September 20, 2018 - ATS publishes new guideline focused on weight loss strategies for sleep apnea patients
September 20, 2018 - The Current issue of “The view from here” is concerned with Drug Delivery
September 19, 2018 - Sleep apnea could favour tumor growth at young ages
September 19, 2018 - Stealth vaping fad hidden from parents, teachers
September 19, 2018 - Witnessing school violence linked to later risk of psycho-social and academic impairment
September 19, 2018 - Common household cleaners could make children overweight by changing gut microbiota
September 19, 2018 - Salk research in yeast leads to serendipitous finding about hypomyelinating leukodystrophy
September 19, 2018 - Study: Overweight or obese women may have increased risk of urinary incontinence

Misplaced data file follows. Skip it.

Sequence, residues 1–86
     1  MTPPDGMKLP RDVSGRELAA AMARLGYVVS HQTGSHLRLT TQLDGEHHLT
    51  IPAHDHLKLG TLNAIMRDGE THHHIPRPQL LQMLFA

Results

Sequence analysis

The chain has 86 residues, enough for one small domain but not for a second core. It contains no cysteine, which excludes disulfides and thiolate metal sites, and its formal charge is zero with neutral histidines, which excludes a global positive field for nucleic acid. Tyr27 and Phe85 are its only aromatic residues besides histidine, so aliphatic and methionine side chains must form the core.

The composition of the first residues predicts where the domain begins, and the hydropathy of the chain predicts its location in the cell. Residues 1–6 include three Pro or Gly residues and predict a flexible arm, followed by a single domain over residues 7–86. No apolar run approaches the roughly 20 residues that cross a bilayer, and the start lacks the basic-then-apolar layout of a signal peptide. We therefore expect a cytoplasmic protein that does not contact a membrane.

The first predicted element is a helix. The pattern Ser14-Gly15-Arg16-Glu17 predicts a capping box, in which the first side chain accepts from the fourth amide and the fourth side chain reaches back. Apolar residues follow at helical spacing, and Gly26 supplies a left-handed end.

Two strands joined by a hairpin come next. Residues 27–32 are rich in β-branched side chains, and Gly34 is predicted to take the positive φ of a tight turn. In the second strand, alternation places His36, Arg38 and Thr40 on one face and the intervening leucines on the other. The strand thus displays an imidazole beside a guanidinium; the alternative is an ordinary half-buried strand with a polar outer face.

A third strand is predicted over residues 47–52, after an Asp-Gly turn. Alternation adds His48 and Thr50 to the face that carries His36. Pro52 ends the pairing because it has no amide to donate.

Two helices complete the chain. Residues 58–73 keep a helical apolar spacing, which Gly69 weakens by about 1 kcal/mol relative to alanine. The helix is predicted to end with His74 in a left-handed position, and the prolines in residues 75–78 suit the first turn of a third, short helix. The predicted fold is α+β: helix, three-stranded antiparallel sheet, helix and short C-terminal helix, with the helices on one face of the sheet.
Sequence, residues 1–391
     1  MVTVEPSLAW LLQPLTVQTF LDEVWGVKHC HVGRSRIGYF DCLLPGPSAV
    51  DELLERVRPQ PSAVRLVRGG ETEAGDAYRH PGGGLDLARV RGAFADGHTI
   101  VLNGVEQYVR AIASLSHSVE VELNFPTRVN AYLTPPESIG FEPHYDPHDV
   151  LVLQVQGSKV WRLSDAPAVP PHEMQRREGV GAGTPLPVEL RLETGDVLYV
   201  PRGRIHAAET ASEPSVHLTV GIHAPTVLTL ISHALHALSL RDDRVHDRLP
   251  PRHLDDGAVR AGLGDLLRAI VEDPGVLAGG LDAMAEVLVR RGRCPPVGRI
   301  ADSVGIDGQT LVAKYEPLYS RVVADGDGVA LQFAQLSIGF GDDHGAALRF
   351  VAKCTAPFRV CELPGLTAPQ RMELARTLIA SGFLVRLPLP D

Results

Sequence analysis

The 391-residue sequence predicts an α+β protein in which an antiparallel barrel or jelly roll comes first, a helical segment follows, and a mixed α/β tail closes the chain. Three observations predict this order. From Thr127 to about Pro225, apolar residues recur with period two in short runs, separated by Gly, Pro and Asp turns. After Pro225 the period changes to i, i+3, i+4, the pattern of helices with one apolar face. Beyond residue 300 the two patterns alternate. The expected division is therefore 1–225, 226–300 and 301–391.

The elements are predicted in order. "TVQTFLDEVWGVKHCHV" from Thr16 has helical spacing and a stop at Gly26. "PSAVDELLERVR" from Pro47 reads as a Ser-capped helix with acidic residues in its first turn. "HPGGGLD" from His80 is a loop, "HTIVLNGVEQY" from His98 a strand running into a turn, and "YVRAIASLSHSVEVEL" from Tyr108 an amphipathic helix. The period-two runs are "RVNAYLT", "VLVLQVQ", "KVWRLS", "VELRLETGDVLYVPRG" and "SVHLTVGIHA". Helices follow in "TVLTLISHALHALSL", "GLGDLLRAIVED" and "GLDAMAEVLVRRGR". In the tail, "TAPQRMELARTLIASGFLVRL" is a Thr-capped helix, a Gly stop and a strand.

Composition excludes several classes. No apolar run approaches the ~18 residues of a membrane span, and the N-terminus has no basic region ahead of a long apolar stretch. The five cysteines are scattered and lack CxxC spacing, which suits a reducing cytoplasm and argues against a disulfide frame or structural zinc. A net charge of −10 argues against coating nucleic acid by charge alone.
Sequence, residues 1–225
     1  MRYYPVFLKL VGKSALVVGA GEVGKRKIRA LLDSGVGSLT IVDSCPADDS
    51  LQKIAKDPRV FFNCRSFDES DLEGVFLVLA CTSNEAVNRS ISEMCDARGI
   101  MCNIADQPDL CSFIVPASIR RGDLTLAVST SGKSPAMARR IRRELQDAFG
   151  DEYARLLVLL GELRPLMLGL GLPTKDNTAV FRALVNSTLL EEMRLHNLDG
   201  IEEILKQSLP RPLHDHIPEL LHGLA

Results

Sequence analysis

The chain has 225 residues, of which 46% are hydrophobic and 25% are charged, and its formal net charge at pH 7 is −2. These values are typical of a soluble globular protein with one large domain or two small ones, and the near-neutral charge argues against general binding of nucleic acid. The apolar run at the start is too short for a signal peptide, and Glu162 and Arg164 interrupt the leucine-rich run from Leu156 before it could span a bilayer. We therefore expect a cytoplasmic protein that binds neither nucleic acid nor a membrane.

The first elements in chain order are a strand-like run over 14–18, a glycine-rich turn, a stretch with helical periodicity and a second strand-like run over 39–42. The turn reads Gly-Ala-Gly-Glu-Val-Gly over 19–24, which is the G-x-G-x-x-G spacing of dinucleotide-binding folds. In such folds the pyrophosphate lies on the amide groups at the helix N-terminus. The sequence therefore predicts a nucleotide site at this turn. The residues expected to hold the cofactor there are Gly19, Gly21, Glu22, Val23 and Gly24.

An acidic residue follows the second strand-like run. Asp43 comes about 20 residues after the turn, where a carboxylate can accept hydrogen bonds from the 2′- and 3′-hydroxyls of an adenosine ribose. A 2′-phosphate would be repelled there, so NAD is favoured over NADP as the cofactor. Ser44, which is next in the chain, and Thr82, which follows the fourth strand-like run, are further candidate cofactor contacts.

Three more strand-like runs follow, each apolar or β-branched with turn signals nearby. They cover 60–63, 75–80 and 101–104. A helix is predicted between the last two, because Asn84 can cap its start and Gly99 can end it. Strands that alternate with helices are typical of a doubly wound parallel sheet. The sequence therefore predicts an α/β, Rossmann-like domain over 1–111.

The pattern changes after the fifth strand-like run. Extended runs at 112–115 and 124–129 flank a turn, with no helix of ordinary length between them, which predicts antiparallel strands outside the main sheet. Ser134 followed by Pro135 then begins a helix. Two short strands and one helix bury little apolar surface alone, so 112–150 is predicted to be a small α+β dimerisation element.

September 19, 2018 - Study shows how cellular waste disposal processes also promote inflammation
September 19, 2018 - New multidisciplinary microsurgery microscope, PROVIDO, introduced by Leica
September 19, 2018 - Phase 2b STORM Data Evaluating Selinexor in Patients with Penta-Refractory Multiple Myeloma Presented at the Society of Hematologic Oncology 2018 Annual Meeting
September 19, 2018 - Decisions recruiting gut feelings seen as reflection of true self, more assuredly held, study says
September 19, 2018 - How AI can improve end-of-life care
September 19, 2018 - UNIST and Ulsan initiate research collaboration to develop human organs-on-chips
September 19, 2018 - Study highlights key role of migrating shoals of fish in sustaining deep-ocean microorganisms
September 19, 2018 - Disagreeable individuals can benefit most from behaving more compassionately, finds study
September 19, 2018 - Janssen Submits New Drug Application to U.S. FDA Seeking Approval of Erdafitinib for the Treatment of Metastatic Urothelial Cancer
September 19, 2018 - Neuroplasticity is increased but dysregulated in the aging brain, study finds
September 19, 2018 - Suicide: A public health crisis
September 19, 2018 - Infants using popular anti-reflux medicines are not at increased risk of lung infections